There are 260 miles of maintained trails and 147 miles of roads within the park. Between 1.5 million and 2 million visitors arrive every year, about 10,000 of whom attempt to scale the peak, though fewer than half generally succeed.
It is a relatively young volcano at 500,000 years old, contrasted with the surrounding Cascade Mountain Range which is over 12 million years old. The latest active period was between 1820 and 1894 when observers reported 14 eruptions.
The Paradise area is famous for its glorious views and its wildflower meadows. When James Longmire's daughter-in-law, Martha, first saw this site, she exclaimed, "Oh, what a paradise!" The park's main visitor center, the new Paradise Jackson Visitor Center, is located in the upper parking area. Paradise is also the prime winter-use area in the park, receiving on average 643 inches (53.6 feet) of snow a year. Winter activities include snowshoeing, cross-country skiing, and tubing. The road between Longmire and Paradise is plowed throughout the winter. Paradise is considered the snowiest locale on the planet where snowfall is regularly measured, with a record high of 1,122 inches (93.5 feet) in the winter of 1971-1972. The photo below is of Paradise Inn Lodge the year I stayed there and had a room looking out at the mountains. The elevation here is 5400 feet.
The park contains 25 named glaciers across nine major watersheds, with 382 lakes and 470 rivers and streams and over 3,000 acres of other wetland types. The park is part of a complex ecosystem. Vegetation is diverse, reflecting the varied climatic and environmental conditions encountered across the park's 12,800-feet elevation gradient. Approximately 58 percent of the park is forested, 23 percent is subalpine parkland, and the remainder is alpine, half of which is vegetated and the other half consists of permanent snow and ice.
Some alpine heather communities have persisted in the park for up to 10,000 years. Species known or thought to occur in the park include more than 964 vascular plants, including hundreds of species of wildflowers. The Carbon River Valley receives between 70 and 90 inches of rain a year, and this abundant rainfall and the mild temperatures have created an inland temperate rainforest. Archaeologists at Mount Rainier have determined that humans have inhabited the mountain area for at least 9,000 years, from prehistoric people to the history of the current park.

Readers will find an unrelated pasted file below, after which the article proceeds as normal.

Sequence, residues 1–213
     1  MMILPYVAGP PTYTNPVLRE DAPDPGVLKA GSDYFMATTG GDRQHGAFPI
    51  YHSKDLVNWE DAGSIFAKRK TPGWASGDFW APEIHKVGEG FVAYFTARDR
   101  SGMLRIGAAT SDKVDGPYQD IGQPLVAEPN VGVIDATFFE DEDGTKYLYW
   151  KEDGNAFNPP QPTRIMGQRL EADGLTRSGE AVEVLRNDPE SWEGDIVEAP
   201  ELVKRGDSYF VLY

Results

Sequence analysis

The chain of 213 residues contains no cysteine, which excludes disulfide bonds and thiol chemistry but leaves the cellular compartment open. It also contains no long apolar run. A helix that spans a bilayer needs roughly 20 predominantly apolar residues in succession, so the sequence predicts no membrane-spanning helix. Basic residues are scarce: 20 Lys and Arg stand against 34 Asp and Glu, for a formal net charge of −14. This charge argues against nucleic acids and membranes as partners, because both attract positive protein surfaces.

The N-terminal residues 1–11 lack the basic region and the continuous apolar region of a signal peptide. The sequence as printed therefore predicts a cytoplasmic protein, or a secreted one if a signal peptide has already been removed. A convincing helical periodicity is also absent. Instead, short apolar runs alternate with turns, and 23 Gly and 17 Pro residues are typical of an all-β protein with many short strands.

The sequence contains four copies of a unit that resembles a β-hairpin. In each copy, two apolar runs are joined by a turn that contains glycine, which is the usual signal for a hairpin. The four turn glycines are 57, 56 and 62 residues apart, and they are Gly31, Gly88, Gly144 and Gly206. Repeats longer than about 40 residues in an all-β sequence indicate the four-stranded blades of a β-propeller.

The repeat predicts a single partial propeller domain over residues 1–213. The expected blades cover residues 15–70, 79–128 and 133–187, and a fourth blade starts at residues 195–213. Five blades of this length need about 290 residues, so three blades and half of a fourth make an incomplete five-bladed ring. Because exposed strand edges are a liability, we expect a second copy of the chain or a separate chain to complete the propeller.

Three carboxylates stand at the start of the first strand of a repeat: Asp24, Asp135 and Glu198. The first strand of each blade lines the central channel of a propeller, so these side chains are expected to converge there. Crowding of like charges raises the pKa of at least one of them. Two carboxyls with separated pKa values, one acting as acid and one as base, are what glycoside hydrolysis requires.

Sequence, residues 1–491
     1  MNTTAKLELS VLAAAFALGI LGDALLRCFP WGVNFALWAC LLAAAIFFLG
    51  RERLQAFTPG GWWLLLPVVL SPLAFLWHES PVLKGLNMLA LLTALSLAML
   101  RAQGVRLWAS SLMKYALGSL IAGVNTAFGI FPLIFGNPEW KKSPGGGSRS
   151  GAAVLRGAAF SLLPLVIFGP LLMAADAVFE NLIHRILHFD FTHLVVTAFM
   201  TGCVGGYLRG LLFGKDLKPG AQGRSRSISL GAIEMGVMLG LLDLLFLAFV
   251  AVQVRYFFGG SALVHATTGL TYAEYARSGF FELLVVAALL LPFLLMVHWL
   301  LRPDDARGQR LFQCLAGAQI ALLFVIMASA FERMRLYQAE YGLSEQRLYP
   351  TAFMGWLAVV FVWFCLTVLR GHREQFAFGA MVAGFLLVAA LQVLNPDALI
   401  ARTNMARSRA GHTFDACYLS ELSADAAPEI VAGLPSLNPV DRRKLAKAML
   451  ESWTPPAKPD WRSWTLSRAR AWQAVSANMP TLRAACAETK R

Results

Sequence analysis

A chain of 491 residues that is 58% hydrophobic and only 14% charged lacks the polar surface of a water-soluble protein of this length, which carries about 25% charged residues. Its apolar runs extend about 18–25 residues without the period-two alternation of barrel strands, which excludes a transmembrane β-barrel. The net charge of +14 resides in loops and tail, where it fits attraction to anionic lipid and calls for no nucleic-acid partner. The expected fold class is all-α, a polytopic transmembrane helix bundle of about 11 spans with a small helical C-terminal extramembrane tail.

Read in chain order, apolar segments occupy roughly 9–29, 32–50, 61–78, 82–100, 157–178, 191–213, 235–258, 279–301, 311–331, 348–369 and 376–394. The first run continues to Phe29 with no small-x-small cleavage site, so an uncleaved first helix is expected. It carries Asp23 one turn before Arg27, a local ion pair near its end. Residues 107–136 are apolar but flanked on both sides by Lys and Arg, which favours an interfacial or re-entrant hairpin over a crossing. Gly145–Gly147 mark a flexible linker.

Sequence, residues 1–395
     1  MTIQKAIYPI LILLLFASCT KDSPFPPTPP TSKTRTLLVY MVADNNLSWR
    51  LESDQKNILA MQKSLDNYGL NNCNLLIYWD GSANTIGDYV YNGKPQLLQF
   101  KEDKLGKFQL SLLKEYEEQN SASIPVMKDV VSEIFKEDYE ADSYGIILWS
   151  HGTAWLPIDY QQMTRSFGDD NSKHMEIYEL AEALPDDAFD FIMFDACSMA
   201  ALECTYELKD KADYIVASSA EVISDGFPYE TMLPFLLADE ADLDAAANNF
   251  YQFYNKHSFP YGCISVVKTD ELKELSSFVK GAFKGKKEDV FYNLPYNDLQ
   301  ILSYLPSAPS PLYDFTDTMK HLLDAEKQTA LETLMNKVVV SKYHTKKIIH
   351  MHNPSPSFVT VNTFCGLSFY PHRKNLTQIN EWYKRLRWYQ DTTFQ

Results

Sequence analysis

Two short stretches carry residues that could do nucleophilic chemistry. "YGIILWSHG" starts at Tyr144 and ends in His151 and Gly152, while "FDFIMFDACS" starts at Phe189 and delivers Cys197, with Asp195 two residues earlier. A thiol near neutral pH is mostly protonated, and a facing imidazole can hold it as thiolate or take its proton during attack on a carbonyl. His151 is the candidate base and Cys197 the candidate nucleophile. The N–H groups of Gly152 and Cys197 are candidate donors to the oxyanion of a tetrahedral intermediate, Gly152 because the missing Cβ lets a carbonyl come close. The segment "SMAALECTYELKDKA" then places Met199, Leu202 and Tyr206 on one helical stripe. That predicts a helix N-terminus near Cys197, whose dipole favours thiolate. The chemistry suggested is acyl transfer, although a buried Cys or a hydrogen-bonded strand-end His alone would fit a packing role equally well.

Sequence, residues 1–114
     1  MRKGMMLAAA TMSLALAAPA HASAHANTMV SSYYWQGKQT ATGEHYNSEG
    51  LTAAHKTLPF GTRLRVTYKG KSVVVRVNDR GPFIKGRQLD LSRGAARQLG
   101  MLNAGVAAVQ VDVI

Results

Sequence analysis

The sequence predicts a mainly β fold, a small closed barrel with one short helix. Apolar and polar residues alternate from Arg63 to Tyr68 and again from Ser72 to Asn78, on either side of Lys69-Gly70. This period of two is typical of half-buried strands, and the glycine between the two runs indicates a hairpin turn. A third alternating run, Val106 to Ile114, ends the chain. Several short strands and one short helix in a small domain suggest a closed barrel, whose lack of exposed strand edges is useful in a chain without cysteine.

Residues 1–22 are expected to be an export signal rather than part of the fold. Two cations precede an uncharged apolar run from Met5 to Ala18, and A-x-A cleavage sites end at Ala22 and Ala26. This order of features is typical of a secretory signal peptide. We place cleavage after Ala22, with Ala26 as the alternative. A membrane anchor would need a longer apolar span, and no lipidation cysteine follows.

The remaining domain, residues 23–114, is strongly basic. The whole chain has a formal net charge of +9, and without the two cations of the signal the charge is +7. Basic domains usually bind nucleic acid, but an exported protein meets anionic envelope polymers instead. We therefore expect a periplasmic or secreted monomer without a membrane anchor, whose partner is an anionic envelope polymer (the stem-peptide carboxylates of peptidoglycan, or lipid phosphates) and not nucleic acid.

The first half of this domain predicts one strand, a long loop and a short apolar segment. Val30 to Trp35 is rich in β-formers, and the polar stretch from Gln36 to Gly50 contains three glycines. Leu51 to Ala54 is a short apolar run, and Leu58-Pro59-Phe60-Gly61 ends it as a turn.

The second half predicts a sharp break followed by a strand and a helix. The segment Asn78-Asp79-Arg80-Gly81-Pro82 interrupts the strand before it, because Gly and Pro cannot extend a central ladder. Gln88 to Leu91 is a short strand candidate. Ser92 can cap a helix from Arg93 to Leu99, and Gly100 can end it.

Birds, mammals, amphibians, reptiles, and fish are abundant, and of these, three species of fish are federally listed as threatened, while two bird, three bat, three amphibian, and one insect species are federally listed species of concern.
I love the colors in these flowers and also their name -- Avalanche Lillies -- a distinct alpine and sub-alpine, Northern Cascade and Olympics flower whose corm (underground stem) was a food source for the indigenous Northwest tribes.
One of the most iconic views of Mt. Rainier is as seen from Reflection Lake, just three miles from Paradise Inn. There is a nice three mile trail here with an elevation gain of 850 feet.
Here's a photo I took as I hiked on the Pacific Crest Trail in 2004 while backpacking and participating in a volunteer trail project in the Goat Rocks Wilderness. As I turned and looked to my right and behind me from this point, I also had glorious views of Mt. St. Helens and Mt. Adams. What a great day that was!
An estimated 200 to 250 people a year complete the entire trail, with several thousand others doing shorter sections of it. The average time taken to complete the entire trip is 10 to 14 days. The trail is entirely within the national park and as the trail circles the mountain, hikers see different faces of Mount Rainier. This photo is at Indian Bar.
The trail is considered strenuous as it is almost always climbing or descending the ridges around the mountain. The highest point reaches 6,750 feet at Panhandle Gap. There are many river crossings on the trail including two suspension bridges though many of the rivers are crossed on primitive log bridges which can wash away during heavy rain or when there is a lot of snow melt in the rivers. For example, most of the bridges washed away during a Winter storms of 2006-07 so the trail was impassable and closed to hikers through most of 2007 until park crews could rebuild the crossings. The next photo is at Ohanapecosh Park.